The story behind Tilikum the killer whale
With a name meaning friend in Chinook, killer whale Tilikum was captured near Iceland in November 1983 at around two years of age.
At 22 feet 6 inches long and weighing in at 12,300 pounds he is the largest orca in captivity.
His immense size, illustrated by his dorsal fins which are six and a half feet long, means he is more difficult to manage than other orcas in captivity.
Handlers are unable to swim with Tilikum because of the ever present danger of being crushed or drowned as he moves around his tank.
Following his capture he was shipped to the Sealand of the Pacific public aquarium in British Columbia, Canada, where he lived with two females Nootka IV and Haida II.
But Tilikum failed to bond well with the pair and would often be bullied and chased by them around their tank.
Despite the difficult relations it was at Sealand of the Pacific where he sired his first calf, a son with Haida II.
Kyuguot was born on December 24 1991 and was the first of 13 calves sired by Tilikum, making him the most successful breeding killer whale in captivity.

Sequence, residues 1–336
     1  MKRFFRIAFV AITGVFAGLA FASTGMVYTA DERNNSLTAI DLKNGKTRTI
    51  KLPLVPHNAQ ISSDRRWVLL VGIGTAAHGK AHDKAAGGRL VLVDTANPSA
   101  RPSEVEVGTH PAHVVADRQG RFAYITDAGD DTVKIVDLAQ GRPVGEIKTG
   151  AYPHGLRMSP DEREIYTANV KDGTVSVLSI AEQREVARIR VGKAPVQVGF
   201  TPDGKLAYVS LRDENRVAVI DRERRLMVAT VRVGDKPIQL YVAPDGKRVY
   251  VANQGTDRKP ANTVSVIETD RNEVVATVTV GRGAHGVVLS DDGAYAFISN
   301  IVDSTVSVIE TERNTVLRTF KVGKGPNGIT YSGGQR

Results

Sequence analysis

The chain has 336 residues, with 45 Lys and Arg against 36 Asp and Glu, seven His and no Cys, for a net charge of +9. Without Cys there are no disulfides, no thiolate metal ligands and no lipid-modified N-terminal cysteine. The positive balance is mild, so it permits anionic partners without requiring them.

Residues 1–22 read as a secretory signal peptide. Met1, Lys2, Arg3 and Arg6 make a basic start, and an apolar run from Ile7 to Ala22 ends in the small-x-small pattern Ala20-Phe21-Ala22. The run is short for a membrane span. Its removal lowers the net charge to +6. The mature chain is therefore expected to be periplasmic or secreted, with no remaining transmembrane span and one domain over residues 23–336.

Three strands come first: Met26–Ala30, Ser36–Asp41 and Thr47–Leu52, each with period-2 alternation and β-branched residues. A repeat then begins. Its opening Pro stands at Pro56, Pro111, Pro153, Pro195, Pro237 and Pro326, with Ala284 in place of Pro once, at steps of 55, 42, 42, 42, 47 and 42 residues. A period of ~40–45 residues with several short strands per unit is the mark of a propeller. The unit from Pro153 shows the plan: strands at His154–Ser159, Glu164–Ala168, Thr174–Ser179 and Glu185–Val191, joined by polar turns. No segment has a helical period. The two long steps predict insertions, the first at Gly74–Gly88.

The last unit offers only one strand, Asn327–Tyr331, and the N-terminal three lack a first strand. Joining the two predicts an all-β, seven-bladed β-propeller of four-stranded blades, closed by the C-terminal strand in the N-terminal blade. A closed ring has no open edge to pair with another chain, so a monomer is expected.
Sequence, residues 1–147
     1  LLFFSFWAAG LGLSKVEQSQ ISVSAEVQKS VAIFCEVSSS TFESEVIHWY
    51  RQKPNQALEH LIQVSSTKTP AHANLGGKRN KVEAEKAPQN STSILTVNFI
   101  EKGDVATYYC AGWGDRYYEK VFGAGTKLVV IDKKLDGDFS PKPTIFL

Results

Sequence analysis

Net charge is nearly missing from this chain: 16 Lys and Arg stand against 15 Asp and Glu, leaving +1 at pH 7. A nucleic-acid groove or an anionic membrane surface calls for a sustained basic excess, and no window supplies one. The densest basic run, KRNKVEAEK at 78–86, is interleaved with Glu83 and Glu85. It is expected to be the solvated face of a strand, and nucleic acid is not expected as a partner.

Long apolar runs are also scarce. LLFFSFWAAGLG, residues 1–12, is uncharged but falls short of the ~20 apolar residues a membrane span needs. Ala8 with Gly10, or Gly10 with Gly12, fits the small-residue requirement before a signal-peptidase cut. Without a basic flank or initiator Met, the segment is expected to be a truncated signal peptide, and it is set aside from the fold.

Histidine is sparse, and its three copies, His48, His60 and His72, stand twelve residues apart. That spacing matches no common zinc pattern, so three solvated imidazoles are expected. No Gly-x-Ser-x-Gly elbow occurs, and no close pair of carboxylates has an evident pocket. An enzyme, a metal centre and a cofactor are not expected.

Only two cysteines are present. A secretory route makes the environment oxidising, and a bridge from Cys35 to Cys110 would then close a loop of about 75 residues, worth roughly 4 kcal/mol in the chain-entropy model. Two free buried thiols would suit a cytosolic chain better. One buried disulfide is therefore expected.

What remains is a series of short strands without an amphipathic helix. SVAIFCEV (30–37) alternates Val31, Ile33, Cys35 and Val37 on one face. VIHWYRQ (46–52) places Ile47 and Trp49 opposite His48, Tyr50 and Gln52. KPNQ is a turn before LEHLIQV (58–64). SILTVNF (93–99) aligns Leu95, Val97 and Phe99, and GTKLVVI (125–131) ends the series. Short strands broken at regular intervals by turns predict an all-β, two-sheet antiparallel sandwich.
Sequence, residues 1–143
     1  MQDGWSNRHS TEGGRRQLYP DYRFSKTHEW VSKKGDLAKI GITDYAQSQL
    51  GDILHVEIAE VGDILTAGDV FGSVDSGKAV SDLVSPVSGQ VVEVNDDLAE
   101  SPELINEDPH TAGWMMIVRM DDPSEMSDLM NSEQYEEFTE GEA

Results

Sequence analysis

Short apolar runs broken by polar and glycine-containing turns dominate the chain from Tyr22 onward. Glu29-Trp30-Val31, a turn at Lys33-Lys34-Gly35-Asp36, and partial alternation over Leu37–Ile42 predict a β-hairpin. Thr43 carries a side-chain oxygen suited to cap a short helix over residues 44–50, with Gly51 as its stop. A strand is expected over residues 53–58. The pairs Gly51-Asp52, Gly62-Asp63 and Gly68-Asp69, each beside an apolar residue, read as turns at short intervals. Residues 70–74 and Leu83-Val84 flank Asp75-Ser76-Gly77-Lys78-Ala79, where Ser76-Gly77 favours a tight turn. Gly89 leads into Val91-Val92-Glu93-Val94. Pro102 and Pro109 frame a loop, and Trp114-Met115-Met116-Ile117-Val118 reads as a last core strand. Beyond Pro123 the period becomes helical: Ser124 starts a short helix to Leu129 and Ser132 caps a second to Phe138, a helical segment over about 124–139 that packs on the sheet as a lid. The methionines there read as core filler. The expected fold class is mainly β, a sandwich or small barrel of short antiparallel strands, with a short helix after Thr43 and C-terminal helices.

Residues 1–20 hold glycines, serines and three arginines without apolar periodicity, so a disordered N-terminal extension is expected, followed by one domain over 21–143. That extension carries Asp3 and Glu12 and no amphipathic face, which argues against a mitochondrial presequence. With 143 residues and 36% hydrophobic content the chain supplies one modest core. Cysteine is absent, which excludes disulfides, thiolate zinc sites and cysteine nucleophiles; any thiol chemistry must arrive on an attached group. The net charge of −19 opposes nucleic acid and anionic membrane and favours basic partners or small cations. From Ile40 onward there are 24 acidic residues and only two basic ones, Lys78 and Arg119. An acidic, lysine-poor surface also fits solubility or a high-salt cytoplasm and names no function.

A few months before the birth tragedy struck however, when a part time orca trainer slipped and fell into the pool following a show.
Despite efforts to rescue her, the three killer whales dragged and repeatedly submerged the 20-year-old student until she drowned.
Sealand of the Pacific closed down operations shortly after the incident and in January 1992 Tilikum was sold to Seaworld Orlando.
He became a key part in the park's successful breeding programme even being trained to participate in the process of artificial insemination.
In 1999 Tilikum was again implicated in the death of an individual after the body of a 27-year-old man was found floating in the pool.
The man had entered the park after it had closed and had somehow got into the pool containing the orca.
Investigators discovered he had been bitten by Tilikum, but it was never established whether this occurred before or after death, and it was ruled the man had died as a result of hypothermia and drowning.
As an Icelandic orca his diet consists mainly of herring but killer whales are at the top of the food chain with no natural predators and in the wild regularly feast on larger mammals including sea lions, seals and walruses.
With killer whales likely to live into their 60s, Tilikum remains a relatively young animal, but despite calls from conservationists it is unlikely he could ever be released back into the wild.
Having being captured when he was just two he will not have learnt the skills to hunt properly and is therefore entirely dependent on humans.
The tragic death of 40-year-old trainer Dawn Brancheau has once again reopened the debate as to the ethics of keeping such large, intelligent and dangerous animals in captivity.